BELGRADE LAKES — Colby College students held a Friday forum on arsenic in Maine wells amid legislative action that followed studies linking to lower IQ levels in area children.

Arsenic is a known carcinogen and can leech into groundwater, and it occurs naturally in Maine bedrock, particularly in central and Down East Maine. From 2005 to 2009, the state found that water from 29 percent of private wells tested in Kennebec County had higher concentrations of arsenic than the federal limit for public water, 10 parts per million.

The problem gained more attention in Maine after a study from Columbia University and the University of New Hampshire was released in 2014. For five years, researchers examined 272 students in grades 3 through 5 at schools in Manchester, Readfield, Monmouth, Wayne, Mount Vernon and Hallowell, finding that exposure to low levels of arsenic in unregulated well water could lower IQ levels by up to six points.

Advocates called for an aggressive response after the study. This session, the Maine Legislature is considering two bills that look to increase well testing, and the bills, sponsored by Sen. Thomas Saviello, R-Wilton, and Rep. Drew Gattine, D-Westbrook, are set to come up for public hearings later this month.

All of that action made it for a timely civic engagement project for students in a class taught by Gail Carlson, an environmental studies professor at the private Waterville college. That included the Friday forum at the Maine Lakes Resource Center in Belgrade Lakes.

“We decided to have it here and use Belgrade as a community that has private wells and focus here,” Carlson said.


Maps made by Samantha Lovell, a junior environmental policy student, starkly illustrated the issue: Manchester, where 62 percent of wells were higher than the public water limit, was red, signifying severity. Winthrop, Readfield, Monmouth and Richmond had levels above 40 percent, with some wells 40 times higher than the public water limit.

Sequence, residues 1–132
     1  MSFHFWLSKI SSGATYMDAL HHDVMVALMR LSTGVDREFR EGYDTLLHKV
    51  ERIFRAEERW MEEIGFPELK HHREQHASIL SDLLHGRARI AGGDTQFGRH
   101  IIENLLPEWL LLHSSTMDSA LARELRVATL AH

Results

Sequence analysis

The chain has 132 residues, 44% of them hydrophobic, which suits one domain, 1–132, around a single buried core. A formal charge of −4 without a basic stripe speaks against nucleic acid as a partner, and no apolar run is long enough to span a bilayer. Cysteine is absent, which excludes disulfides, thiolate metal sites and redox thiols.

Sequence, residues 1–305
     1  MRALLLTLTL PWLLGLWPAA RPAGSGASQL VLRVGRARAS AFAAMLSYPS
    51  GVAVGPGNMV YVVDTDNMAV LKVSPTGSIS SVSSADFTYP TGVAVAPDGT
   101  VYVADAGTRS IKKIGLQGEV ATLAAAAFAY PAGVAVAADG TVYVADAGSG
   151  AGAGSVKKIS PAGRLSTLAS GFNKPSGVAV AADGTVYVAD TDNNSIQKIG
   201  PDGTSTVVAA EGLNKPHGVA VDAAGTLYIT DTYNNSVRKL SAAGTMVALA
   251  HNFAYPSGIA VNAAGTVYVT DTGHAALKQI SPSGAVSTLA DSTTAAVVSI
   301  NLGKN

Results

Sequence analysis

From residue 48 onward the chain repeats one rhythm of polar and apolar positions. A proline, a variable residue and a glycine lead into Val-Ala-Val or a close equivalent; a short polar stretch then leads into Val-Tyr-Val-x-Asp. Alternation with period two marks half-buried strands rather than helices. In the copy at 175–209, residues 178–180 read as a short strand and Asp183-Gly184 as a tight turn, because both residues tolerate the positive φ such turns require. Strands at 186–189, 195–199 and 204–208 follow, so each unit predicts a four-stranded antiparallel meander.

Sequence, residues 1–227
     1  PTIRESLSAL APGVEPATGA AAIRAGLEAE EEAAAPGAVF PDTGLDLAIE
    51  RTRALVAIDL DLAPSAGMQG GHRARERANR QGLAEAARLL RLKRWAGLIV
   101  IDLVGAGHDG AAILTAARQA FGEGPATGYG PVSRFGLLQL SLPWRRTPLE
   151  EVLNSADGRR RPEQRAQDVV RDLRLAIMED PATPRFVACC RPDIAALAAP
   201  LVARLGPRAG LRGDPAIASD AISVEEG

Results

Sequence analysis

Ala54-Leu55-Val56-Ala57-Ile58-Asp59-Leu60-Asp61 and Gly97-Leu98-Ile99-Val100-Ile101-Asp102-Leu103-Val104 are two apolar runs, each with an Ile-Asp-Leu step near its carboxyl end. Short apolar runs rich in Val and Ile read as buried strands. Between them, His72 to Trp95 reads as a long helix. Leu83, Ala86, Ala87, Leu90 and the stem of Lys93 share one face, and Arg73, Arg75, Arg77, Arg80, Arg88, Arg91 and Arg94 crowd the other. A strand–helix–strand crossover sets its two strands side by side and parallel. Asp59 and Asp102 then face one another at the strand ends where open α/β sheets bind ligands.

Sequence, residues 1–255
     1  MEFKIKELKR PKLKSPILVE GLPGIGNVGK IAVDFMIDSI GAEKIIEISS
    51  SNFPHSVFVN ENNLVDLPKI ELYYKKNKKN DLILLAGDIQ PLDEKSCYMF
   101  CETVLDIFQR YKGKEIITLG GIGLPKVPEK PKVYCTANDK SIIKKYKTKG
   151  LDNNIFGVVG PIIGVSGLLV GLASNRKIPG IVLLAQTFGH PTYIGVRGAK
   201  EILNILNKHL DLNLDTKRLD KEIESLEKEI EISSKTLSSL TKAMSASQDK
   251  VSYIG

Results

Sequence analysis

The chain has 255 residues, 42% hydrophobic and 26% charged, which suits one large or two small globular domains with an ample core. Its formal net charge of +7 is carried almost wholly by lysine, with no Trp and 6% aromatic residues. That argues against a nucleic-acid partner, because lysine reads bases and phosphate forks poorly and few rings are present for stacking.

It was so high in some places, Lovell said, that “I thought I had joined the data wrong.”

Well testing has increased dramatically in recent years: In 2004, 26 percent of Maine homeowners using wells knew that they had been tested, and it went up to 45 percent by 2012, according to state data. But Saviello and Gattine aim to increase it: The Republican’s bill would force a new homebuyer to choose whether or not to opt out of well testing and the Democrat’s bill requires testing when new wells are drilled, while both would impose fees on certain equipment to fund remediation for low-income people.

Carlson said students are expected to testify at the hearing of at least one of the bills.

The forum drew Elizabeth and Chris Hart of Mount Vernon, who have tested their well three times in 20 years, and they said their water has tested at below the federal limit each time. Still, they’re concerned, and now that they’re building a new house, they said they’re finally seeking remediation systems after putting it off before.

“We’re just feeling like we haven’t gotten there yet,” Elizabeth Hart said. “We don’t have small children. I think if you had small children, it moves you along to do it sooner.”

Michael Shepherd — 370-7652

Twitter: @mikeshepherdme

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